Today’s the Day
Christmas. Fr Benjamin Earl preaches on the great beginning of our salvation. (Our sermon for Sunday 26 December can be found here.)
There is a widespread custom in our churches of opening the celebration of the Mass during Christmas night with the solemn proclamation of the solemnity of the Nativity of Our Lord taken from the martyrology.
In fact there is an equivalent text for every day of the year, listing the various saints celebrated that day; but normally the martyrology reading begins simply by saying what the date is. Not so for today. It is not enough to place today’s celebration on 25 December, but it has to be understood in the context of all that had come before: the creation of the universe, the great flood, the calling of Abraham, the Exodus from Egypt, the anointing of David as King and the prophecies of Daniel.
Nor does the proclamation limit itself to the history of God’s chosen people, but it also gives us the reckoning according to Greek and Roman calendars: the ancient Greek Olympiad, the year since the founding of the city of Rome – where I write these words – and the regnal year of Cæsar Augustus. These are the people who had walked in darkness; these are the people who lived in a land of deep shadow: whether Romans following their Emperor, or Greeks crazy about sport, or the people of Israel called by the Lord.
For in many and various ways, through ages beyond number, the Lord called humanity whom he had formed in his likeness: in the time of Noah, of Abraham, of Moses, of David, of Daniel and the prophets. And yet still they walked in darkness, turning from the Lord’s call. We look to the Greeks and Romans as the foundation of our civilisation, and however enlightened they might have appeared, still they lived in a land of deep shadow, not hearing the Lord’s call. Whether through obstinacy or ignorance, humanity did not walk in the ways of the Lord.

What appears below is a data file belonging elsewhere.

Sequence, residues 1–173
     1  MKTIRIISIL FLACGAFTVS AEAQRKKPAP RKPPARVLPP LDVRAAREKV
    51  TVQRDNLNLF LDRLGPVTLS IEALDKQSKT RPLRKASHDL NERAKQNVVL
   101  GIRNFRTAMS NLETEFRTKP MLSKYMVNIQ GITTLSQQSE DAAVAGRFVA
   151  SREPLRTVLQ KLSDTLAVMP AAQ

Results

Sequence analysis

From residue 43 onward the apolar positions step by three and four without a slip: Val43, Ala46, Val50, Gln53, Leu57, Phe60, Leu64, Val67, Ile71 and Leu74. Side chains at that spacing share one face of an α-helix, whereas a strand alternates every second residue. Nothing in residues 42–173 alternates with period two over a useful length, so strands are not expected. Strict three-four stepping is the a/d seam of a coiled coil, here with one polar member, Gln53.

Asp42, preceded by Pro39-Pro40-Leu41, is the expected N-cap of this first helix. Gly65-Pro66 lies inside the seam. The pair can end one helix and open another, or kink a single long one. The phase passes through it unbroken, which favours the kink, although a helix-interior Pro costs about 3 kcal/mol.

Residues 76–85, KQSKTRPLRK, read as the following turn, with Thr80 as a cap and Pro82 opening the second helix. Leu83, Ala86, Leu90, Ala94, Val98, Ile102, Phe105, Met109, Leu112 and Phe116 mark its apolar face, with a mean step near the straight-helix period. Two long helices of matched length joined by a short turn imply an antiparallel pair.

Today that changes. ‘Today,’ proclaims the angel, ‘a saviour has been born to you.’ Today the shepherds in the darkness of the night saw ‘a great light’: not just the glory of the Lord shining around them, but the ‘Light from Light’ who is the saviour incarnate born today of Mary. Today, at a particular moment in the history of the world and the history of God’s people, and in a particular place, Bethlehem, the town of David, God comes forth into the world. Of course Christians realise that this is only the beginning. It is not Christ’s birth that saves us, but rather his death. Nevertheless, beginnings are important, and the manner of Christ’s coming is itself illuminating. He does not come, at least not for the moment, as a warrior descending from the heavens in some fiery chariot. Rather he comes among us from the flesh of the Virgin Mary and in the form of a helpless baby, wrapped in swaddling clothes and lying in a manger. He lies in the feeding trough of the beasts, a sign of his vulnerability, but also a sign that he comes to feed us beastly people, and so take away our sinful beastliness.
We gather then in the darkness of Christmas night, today, the twenty-fifth day of December, in the two-thousand, seven hundred and seventy third year since the foundation of the City of Rome, and so on and so forth, but in particular the two-thousand and twenty-first year of the Incarnation of Our Lord Jesus Christ, to receive among us the light of the world, to receive in our hands the one who once lay in a manger, swaddled now in the form of bread, so that the darkness of night may be cast out from us, and we may begin to walk in his light.
We know there is still darkness in the world, but the light has come, and the light is in us, and it is our task as Christians to take it out, to take him out, and to proclaim with the angels, ‘Glory to God in the highest, and on earth peace to people of good will.’
Image: detail from La Natività by Giotto di Bondone (1267-1337) at the Basilica di San Francesco, Lower Church photographed by Frans Vandewalle